Annika Marks and Giovanni Adams in “The Model Apartment.” Photo by Jeff Lorch Photography.
Donald Margulies may be one of our best contemporary playwrights, but he had to start somewhere. Among his earliest efforts is “The Model Apartment,” now playing in a revival at the Geffen Playhouse in Westwood through Nov. 20. It’s one strange duck of a play, a bizarre blend of family drama, screwball comedy, nostalgia, fantasy and surrealism that careens wildly from one style to another and back like a vehicle out of control. It’s fascinating to visualize young Margulies experimenting, trying to determine what works on stage, what doesn’t, and what he can get away with; in the end it doesn’t quite fly despite the Geffen’s valiant efforts, but you have to admire the theatre—where he’s something of a favorite—for taking chances.
The play takes place in a Florida condo, where a pair of senior citizens have come to spend their retirement years in the lap of luxury. That they are New York Jews is almost immediately apparent; that also they happen to be Holocaust survivors (or appear to be, for everything that takes place is open to question) is not immediately obvious. When their plump, ungainly daughter shows up uninvited we’re thrust into a wacky farce, which soon grows dark when the skeletons of the past rear their ugly heads in nightmarish fashion.
It’s to director Marya Mazor’s credit that she keeps the show from going off the tracks, where a less-experienced director might well falter. Whatever else the four actor-five character piece is a triumph for Annika Marks, who plays two radically different daughters with such finesse one actor seems to be missing from the curtain call. Marilyn Fox and Michael Mantell acquit themselves admirably with the material, taking a leap of faith with it into dark corners where the ground doesn’t always support them. Giovanni Adams plays the unlikely boyfriend of one of the daughters with equal aplomb. Tom Buderwitz’s set and Brian Gale’s lighting contribute substantially to the effort. GeffenPlayhouse.org.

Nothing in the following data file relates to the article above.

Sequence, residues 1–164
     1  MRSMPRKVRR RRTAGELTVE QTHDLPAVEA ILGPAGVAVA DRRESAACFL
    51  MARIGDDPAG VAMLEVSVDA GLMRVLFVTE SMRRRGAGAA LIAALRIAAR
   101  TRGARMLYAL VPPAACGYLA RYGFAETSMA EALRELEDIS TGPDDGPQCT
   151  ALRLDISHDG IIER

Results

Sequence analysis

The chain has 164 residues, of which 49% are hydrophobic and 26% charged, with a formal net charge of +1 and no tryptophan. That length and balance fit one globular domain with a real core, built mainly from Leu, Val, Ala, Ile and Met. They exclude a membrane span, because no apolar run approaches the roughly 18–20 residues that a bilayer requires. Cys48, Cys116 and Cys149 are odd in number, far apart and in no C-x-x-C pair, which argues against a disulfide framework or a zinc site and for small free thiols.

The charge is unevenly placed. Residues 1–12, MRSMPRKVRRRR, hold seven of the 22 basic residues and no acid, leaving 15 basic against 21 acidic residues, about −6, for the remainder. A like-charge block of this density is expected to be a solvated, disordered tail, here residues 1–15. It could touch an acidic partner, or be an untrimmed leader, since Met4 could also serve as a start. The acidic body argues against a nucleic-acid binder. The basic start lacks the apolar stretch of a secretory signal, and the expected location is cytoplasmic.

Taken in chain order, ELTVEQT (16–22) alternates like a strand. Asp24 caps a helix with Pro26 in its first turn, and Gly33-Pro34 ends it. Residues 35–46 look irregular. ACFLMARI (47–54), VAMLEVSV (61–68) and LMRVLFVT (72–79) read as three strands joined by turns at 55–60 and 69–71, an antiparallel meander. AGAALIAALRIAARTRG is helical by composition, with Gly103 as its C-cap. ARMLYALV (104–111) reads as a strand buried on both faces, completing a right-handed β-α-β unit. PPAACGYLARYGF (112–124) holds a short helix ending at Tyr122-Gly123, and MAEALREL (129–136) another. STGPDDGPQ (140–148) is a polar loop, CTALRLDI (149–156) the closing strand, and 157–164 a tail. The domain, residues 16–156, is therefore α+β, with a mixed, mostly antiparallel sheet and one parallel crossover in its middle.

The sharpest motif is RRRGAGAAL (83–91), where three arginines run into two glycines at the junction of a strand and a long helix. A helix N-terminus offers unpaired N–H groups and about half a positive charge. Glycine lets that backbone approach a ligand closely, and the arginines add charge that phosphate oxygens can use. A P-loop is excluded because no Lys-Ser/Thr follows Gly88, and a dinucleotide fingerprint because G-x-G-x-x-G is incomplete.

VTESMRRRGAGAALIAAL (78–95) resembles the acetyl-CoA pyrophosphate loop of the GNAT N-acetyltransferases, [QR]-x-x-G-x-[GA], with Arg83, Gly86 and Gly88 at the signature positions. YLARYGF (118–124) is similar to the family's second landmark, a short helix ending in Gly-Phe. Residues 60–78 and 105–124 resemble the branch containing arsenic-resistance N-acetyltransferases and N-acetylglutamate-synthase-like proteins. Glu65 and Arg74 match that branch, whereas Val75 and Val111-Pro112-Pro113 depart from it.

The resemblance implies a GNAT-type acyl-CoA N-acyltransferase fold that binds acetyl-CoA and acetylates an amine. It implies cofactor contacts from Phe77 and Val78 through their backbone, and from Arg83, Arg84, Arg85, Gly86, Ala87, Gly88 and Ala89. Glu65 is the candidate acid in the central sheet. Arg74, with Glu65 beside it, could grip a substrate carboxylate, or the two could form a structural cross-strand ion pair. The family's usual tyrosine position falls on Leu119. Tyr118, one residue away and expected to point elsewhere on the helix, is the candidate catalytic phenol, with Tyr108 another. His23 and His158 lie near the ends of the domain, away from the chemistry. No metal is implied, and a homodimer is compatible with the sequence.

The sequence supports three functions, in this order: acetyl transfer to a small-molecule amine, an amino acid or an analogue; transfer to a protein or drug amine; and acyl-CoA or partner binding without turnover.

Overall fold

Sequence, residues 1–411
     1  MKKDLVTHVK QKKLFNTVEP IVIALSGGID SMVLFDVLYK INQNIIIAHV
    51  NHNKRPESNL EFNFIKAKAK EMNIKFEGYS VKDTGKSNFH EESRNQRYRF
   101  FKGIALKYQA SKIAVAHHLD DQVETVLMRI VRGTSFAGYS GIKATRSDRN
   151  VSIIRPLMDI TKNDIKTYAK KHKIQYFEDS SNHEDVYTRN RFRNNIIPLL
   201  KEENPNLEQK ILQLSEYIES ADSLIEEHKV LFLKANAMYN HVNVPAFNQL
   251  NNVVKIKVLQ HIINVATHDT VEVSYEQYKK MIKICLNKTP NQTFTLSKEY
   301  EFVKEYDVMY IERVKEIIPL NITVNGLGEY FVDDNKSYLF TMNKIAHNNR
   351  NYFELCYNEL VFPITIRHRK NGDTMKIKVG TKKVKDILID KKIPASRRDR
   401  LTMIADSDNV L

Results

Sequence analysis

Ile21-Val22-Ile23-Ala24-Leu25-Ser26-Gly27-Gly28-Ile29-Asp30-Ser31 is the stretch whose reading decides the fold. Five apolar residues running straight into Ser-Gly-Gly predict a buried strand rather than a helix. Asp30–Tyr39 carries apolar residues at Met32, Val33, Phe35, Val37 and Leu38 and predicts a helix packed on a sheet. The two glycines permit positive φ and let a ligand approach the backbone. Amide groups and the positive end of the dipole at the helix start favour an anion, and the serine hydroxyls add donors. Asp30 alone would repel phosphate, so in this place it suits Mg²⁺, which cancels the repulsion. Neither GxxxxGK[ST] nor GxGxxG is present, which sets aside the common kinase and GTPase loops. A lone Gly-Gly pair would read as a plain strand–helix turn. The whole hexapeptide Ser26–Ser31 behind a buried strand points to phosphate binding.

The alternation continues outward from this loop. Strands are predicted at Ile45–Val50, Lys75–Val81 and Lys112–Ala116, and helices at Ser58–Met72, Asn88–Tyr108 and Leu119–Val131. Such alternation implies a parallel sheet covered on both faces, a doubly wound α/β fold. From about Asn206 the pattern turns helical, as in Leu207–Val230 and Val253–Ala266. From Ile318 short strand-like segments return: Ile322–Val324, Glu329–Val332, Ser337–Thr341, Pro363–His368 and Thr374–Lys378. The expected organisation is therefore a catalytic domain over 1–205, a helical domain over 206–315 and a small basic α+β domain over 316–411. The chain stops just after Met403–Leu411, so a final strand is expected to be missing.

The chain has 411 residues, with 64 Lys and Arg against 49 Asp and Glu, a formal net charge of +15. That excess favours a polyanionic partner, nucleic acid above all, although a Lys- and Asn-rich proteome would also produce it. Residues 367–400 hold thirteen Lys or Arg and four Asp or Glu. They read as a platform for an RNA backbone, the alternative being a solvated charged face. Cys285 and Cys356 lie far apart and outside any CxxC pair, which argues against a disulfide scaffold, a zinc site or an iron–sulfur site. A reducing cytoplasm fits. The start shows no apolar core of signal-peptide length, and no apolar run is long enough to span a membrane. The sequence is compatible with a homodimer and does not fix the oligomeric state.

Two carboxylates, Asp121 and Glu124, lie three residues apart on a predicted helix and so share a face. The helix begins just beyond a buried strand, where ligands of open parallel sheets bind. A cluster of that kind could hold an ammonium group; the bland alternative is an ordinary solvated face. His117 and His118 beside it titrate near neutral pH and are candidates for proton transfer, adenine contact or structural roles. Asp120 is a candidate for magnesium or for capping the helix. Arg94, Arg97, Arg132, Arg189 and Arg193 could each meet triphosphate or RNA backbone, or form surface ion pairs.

Also on the Westside is a new one-man show that’s exemplary of the genre, Paul Linke’s “It’s Time,” at the Ruskin Group Theatre in Santa Monica through Dec. 4. You might not expect much from a 70-minute play with a guy standing on a piece of carpet talking about his life, in an intimate space about the size of a living room, but you would be wrong. This is a life well-lived and eloquently expressed by a master of solo performance.
Linke begins by reminiscing about his initial and much less assured foray into acting five decades ago in a class at USC before we get to “the main event.” Renowned for his show “Time Flies When You’re Alive,” about the death of his first wife from cancer at age 37—leaving three young children behind—the actor devotes this piece to the healing process that took place in the aftermath, and his second wife, Christine, who made his life and family whole again.
Though you won’t sit through it with a dry eye it’s an uplifting show that gladdens the heart, amidst the realization the clock is ticking perhaps faster than we admit to ourselves. Linke doesn’t try to suppress the emotions or the tears when they come and that’s part of the magic he brings to the stage, under the astute direction of his accomplice Edward Edwards—it’s one of the most honest and candid performances you’ll see all year. RuskinGroupTheatre.com.
Author: Jordan R. Young
Jordan R. Young is a journalist, show business historian, playwright and theatre critic. His work has appeared in The Los Angeles Times, The New York Times, The Washington Post, The Christian Science Monitor, Los Angeles Magazine, Westways, AAA Tour Books, and The People’s Almanac.